And I was very happy that day. I recall with crystal clarity that I felt complete assurance that I was doing exactly the right thing in marrying this man. I KNEW that it was right. I still think that today. Not that everything is always rosy. But I knew going in that life (and marriage) aren’t like that. No, I knew, though, that here was a guy to be tied to for life. A guy I could trust and enjoy and who would work beside me to build a good life together.

A lovely gift.

Welcome Back: On Loving Our Diverse and Complicated Country

The audience sat hushed in the oldest church in Lowell this morning. Even the baby near the back who had been fussing for most of the concert was silent. Then the familiar strains began of our national anthem. It was the final song of an hour-long concert. As I looked at the faces of the children, playing in this summer orchestra program for kids in our relatively impoverished and highly diverse city, I saw the face of America. Maybe more accurately, I saw the face of the world. Children of immigrants all, they played their instruments with concentration, skill, and joy. And I cried.

I’ll be the first to admit that I am not really patriotic. I believe that patriotism is a dangerous stance. I fear it causes more harm than good most times. But this morning in that 184-year-old church, I wept. I felt so proud to belong to a country that has welcomed immigrants from every continent in every century since our founding, a place where my ancestors were welcomed when they risked all to leave Norway, Sweden, Ireland, England, Italy, and who knows where else.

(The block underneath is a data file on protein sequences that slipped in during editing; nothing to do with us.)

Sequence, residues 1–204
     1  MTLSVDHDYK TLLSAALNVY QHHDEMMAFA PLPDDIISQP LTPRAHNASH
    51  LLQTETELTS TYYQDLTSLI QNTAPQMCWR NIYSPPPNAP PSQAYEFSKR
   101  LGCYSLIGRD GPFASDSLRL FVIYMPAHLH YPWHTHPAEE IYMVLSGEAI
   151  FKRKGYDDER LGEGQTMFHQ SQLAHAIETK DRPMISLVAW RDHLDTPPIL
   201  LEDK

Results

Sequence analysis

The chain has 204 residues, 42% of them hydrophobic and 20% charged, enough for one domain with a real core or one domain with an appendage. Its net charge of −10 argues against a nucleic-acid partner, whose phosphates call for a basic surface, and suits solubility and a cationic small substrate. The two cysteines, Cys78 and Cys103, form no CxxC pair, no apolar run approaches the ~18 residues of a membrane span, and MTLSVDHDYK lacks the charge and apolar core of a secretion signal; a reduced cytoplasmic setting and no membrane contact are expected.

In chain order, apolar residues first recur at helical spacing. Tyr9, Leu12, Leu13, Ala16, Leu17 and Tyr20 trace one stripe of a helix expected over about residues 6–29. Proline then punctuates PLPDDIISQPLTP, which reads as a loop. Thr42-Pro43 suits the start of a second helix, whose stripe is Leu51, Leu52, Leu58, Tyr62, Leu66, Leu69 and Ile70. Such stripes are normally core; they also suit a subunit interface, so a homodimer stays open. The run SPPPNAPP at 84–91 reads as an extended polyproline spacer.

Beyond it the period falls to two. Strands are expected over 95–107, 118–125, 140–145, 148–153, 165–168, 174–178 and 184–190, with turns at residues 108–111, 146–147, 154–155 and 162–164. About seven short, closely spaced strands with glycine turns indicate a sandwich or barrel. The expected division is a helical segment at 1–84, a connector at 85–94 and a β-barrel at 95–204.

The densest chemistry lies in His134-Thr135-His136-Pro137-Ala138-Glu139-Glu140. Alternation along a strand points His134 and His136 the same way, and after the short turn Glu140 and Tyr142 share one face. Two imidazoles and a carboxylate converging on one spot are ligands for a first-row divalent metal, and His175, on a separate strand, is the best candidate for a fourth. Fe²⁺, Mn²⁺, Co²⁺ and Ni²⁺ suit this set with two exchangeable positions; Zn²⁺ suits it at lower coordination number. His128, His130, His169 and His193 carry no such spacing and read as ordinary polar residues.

Is there anti-immigrant sentiment in the US these days? You bet there is. Is there racism and discrimination? Quite obviously so. Still…there is a man running for president whose father was African. Obama is a first generation American, the son of an immigrant and he could end up holding our highest public office. Our country may have have it’s problems (no argument there), but we are in many ways still a welcoming place for newcomers — at least we ahve that intention and potential.

Like in my city, for instance. We face a lot of challenges here in this historic mill town. From its inception, though, Lowell has always welcomed immigrants. While it’s true that these newcomers generally live in the most degraded part of town when they first come, they often begin to improve their lot well within one person’s lifetime, if not sooner. As each new wave of immigrants has swept into the city — Irish, French Canadian, Russian, Greek, Southeast Asian (especially Cambodian), West African, Caribbean Latino, etc. — they have worked hard and moved out of “the acre” to make room for the next group of arrivals.